This weekend I was blessed to attend a Sundance led by a wonderful Karuk Medicine man named Jack Walking Eagle. While I have spent five years dancing at a Sundance in South Dakota in the past, I have never simply been at a dance where I watched. At first it was hard to attend as it brought up old memories and a strong feeling that I should be out there dancing with the dancers. Then a calm settled over me as I knew that I would need to attend as a watcher for my healing this year.
I have always struggled to explain Sundancing to others as it is unlike anything in our culture. It is a ceremony of gratitude that typically happens in July-August all across the US. Sundancers pray from sun up to sun down for four days with no food or water. During the day there is a special dance done to the beautiful tune of singers and drummers singing traditional songs. Most Sundances stem from the Lakota and other plains tribes. Most of the songs and techniques are Lakota, this may be due to Black Elk’s (Lakota Medicine Man) vision that non natives may be taught these ceremonies. Where as many native tribes did not pass down their ceremonies to non tribal members and as such have died out as those tribes died out. The Sundance is an expression of gratitude for our lives. It is a ceremony to create balance among the masculine and feminine energies and as a thanks for those energies coming together in a multitude of ways to give us life.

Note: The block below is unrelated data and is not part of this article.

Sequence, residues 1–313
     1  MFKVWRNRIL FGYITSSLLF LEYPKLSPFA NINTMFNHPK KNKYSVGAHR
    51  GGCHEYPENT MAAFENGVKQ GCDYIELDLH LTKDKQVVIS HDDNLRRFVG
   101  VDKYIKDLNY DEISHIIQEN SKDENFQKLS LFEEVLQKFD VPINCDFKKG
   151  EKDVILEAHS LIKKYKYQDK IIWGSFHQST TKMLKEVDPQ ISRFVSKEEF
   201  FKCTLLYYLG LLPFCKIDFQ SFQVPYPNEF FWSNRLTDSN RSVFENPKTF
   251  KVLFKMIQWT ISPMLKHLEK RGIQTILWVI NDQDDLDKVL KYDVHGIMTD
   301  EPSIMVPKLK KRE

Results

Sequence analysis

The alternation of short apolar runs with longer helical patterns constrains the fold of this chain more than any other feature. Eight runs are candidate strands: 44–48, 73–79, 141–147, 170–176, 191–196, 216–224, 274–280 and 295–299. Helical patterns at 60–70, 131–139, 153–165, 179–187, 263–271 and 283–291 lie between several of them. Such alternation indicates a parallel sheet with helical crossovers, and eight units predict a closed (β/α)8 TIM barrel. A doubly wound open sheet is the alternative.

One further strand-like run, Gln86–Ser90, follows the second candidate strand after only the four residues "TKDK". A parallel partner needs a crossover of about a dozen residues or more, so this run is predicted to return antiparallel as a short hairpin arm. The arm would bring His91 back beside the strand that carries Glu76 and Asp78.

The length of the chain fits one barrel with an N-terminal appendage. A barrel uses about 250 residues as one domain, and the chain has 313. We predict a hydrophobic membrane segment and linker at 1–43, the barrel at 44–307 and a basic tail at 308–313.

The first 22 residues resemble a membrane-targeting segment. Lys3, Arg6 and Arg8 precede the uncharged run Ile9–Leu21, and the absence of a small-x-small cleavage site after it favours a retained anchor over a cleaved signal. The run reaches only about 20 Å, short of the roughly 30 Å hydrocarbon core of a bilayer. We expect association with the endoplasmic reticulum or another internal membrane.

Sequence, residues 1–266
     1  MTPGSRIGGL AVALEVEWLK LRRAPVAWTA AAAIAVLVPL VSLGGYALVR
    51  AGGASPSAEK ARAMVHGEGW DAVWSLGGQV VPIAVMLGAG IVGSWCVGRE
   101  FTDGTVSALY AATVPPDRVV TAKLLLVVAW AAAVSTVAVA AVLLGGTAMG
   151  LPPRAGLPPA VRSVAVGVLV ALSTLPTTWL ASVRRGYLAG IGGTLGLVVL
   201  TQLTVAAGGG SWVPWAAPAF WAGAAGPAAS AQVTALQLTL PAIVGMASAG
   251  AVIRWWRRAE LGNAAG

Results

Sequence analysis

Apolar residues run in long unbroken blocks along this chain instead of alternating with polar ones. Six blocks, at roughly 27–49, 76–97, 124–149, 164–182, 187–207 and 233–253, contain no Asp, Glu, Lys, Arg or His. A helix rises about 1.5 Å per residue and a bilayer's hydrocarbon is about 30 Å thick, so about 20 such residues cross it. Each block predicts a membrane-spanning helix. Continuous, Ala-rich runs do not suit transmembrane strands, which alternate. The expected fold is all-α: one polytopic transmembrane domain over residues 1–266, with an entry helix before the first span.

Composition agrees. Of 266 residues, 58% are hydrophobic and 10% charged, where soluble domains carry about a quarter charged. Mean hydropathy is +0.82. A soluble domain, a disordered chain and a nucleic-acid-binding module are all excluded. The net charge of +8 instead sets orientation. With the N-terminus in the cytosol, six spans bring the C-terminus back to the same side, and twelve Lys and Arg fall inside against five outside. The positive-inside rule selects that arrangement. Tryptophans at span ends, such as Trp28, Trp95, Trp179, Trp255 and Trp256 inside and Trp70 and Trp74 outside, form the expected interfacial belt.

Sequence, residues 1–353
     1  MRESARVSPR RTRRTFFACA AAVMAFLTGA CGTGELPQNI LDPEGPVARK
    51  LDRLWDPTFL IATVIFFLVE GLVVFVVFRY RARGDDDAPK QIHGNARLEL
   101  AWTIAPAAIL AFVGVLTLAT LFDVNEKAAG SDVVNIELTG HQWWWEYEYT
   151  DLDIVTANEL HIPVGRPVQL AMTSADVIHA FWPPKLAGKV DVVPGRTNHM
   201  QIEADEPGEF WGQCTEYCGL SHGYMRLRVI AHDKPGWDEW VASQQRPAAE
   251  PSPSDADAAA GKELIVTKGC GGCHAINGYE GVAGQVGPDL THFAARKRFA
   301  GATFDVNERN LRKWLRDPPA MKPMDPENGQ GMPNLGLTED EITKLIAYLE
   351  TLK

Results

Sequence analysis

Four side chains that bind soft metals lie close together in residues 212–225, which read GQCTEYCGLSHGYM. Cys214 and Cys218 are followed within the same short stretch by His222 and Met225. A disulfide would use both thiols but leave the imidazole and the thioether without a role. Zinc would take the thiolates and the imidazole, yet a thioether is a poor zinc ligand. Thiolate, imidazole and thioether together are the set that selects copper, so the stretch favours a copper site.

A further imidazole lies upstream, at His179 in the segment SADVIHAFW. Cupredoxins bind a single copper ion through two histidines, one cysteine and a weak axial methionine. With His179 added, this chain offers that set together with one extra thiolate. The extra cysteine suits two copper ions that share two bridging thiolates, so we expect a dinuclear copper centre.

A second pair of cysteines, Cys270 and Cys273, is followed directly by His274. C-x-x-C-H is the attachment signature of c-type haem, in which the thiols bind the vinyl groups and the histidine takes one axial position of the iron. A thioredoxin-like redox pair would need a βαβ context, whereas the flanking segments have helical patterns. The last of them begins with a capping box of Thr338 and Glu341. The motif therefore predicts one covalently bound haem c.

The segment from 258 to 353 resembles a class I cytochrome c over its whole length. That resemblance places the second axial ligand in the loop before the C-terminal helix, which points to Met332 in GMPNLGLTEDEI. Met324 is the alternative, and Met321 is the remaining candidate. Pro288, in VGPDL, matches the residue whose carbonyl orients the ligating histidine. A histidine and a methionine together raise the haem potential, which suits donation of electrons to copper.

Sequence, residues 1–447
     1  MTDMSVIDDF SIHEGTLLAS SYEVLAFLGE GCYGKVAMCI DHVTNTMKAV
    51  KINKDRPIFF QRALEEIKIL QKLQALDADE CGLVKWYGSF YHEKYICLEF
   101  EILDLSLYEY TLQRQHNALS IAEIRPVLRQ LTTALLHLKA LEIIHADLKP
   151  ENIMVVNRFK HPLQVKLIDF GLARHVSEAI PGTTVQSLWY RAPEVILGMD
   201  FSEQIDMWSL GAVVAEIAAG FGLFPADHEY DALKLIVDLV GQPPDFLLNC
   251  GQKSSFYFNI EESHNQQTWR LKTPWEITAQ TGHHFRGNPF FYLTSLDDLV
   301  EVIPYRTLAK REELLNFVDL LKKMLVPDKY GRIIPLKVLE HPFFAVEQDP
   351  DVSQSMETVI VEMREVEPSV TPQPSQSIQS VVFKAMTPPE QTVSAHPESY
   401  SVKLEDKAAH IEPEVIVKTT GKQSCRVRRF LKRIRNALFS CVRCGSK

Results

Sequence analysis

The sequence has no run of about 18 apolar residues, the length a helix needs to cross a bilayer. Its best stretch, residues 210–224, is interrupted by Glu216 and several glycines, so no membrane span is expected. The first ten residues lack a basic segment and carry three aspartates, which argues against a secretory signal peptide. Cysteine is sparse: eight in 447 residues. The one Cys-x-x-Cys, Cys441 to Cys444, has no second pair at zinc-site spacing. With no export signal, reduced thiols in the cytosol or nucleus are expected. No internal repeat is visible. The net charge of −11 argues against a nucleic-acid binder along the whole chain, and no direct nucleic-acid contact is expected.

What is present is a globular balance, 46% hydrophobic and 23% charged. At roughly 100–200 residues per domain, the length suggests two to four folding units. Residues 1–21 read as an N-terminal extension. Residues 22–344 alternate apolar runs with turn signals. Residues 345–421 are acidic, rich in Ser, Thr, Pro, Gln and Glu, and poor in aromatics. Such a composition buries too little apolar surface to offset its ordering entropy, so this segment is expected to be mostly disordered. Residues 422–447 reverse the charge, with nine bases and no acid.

This year I watched and was astounded at the level of inner healing I received. My current hang ups and baggage from the past seemed to blow away with the smoke from the sacred chanunpa. I was in awe of the feeling of community and interconnectedness of ourselves with nature and the broader universe. Seeing the milky way splashed across the Northern California night sky was a reminder that we are of stardust. Mostly there was the faint remembrance of what it means to be human again. A different consciousness, a mind quieted from wants and seeking the latest dopamine fix. To not be attached to a device. (Cameras and recording devices are strictly forbidden at a Sundance) To be in the moment and sharing that moment with friends and family.
For more information about Sundances consider reading Michael Hull’s Book “Sundancing: A Spiritual Journey on the Red Road” or come talk to me sometime!